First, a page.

The Iranian Student News Agency (ISNA) announced on February 11 that charges had been laid against the seven imprisoned members of the national-level committee that coordinates the activities for the Iranian Baha’i community. The report quoted deputy Tehran prosecutor Hassan Haddad as having said “the case will be sent to the revolutionary court next week” and that these Baha’is are accused of “espionage for Israel, insulting religious sanctities and propaganda against the Islamic republic.”
The Baha’is deny categorically these charges. No evidence against them has been brought to light. The seven Baha'is were arrested in March and May of 2008 and have been held in Tehran’s Evin Prison. At no time during their incarceration have they been given access to their legal counsel, Nobel Laureate Shirin Ebadi. Recently Mrs. Ebadi has been harassed, intimidated and threatened by the Iranian government and has not been given access to their case files.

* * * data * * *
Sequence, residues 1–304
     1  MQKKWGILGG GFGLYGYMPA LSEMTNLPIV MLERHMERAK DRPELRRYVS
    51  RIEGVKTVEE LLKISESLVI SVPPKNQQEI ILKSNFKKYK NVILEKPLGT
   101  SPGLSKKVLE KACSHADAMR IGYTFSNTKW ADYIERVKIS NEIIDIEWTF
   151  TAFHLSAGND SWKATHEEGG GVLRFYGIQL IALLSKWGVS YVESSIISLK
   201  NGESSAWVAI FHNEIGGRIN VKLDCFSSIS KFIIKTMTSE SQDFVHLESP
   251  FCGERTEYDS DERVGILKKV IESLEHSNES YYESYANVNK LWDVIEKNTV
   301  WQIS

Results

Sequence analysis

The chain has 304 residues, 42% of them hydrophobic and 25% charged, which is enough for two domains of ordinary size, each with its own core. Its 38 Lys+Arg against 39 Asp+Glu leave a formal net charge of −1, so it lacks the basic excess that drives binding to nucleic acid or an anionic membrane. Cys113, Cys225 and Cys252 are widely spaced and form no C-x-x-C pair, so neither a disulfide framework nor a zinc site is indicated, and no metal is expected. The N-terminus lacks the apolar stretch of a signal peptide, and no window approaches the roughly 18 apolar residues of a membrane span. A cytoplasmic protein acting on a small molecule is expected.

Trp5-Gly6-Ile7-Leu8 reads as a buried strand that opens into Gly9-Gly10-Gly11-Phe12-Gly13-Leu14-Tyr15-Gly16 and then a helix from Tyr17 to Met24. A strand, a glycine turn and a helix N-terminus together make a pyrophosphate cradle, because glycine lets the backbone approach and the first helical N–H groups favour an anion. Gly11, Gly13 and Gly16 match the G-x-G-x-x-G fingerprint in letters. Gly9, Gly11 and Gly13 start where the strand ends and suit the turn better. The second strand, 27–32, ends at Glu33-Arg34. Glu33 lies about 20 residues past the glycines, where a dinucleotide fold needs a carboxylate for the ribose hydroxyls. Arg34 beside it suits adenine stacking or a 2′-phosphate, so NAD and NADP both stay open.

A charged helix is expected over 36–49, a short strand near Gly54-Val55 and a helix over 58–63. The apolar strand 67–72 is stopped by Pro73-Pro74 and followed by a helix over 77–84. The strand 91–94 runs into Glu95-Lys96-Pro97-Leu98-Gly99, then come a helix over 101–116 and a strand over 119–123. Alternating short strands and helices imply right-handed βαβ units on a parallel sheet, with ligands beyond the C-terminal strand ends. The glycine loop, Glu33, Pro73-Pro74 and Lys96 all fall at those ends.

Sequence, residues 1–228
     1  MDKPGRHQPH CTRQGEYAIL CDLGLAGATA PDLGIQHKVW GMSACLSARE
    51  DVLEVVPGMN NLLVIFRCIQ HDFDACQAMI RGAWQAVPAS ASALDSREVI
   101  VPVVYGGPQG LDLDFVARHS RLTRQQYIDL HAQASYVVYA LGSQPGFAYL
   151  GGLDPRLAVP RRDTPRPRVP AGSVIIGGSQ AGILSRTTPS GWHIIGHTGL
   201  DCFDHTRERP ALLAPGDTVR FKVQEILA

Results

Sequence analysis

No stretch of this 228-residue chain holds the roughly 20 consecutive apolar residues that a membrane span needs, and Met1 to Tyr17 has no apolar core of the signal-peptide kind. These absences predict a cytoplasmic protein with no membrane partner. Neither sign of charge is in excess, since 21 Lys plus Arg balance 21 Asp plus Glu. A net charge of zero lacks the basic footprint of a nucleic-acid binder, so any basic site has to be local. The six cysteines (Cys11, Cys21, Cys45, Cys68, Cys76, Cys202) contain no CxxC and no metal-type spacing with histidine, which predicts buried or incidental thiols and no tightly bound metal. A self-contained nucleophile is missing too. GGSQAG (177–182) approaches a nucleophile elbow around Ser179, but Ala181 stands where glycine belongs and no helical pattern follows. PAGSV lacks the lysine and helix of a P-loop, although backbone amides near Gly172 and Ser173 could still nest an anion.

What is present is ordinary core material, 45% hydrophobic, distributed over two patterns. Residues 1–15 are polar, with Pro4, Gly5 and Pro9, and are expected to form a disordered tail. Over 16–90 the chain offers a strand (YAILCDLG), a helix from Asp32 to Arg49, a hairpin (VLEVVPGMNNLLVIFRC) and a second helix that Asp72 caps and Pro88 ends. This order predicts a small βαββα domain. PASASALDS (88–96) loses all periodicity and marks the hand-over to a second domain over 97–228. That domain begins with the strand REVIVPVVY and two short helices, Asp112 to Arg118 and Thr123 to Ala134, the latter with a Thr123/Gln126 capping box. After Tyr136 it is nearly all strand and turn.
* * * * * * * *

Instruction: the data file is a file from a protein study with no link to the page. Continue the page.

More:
The prosecution of the leaders is just one step in a 30-year-long systematic campaign orchestrated by the government to eliminate the Baha’i community as a viable entity in Iran, the birthplace of the Baha'i Faith.
At this time, some thirty other Baha’is are imprisoned in Iran solely on account of their religion. Close to 80 more Baha’is, have been required to post deeds of property and business licenses as collateral for bail. They have likewise been falsely charged and are awaiting trial.
The Baha'i Faith is the youngest of the world’s independent monotheistic religions and one of the fastest-growing, with a significant presence throughout the United States. Baha’is view the world’s major religions as part of a single, progressive process through which God reveals His will to humanity. Major Baha'i tenets include the oneness of humanity, equality of men and women, eradication of prejudice, harmony of science and religion, universal education and world peace.